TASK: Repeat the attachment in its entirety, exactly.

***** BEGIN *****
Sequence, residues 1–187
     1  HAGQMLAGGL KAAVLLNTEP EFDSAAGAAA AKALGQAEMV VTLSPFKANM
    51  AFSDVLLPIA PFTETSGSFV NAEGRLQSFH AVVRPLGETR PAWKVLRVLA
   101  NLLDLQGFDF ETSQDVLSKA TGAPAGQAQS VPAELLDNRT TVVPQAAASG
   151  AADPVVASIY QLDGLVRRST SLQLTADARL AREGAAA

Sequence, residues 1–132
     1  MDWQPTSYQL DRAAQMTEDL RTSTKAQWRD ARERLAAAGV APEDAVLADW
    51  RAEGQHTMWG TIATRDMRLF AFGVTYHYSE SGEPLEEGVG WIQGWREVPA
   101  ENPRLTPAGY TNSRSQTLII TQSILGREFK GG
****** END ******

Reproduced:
Sequence, residues 1–187
     1  HAGQMLAGGL KAAVLLNTEP EFDSAAGAAA AKALGQAEMV VTLSPFKANM
    51  AFSDVLLPIA PFTETSGSFV NAEGRLQSFH AVVRPLGETR PAWKVLRVLA
   101  NLLDLQGFDF ETSQDVLSKA TGAPAGQAQS VPAELLDNRT TVVPQAAASG
   151  AADPVVASIY QLDGLVRRST SLQLTADARL AREGAAA

Sequence, residues 1–132
     1  MDWQPTSYQL DRAAQMTEDL RTSTKAQWRD ARERLAAAGV APEDAVLADW
    51  RAEGQHTMWG TIATRDMRLF AFGVTYHYSE SGEPLEEGVG WIQGWREVPA
   101  ENPRLTPAGY TNSRSQTLII TQSILGREFK GG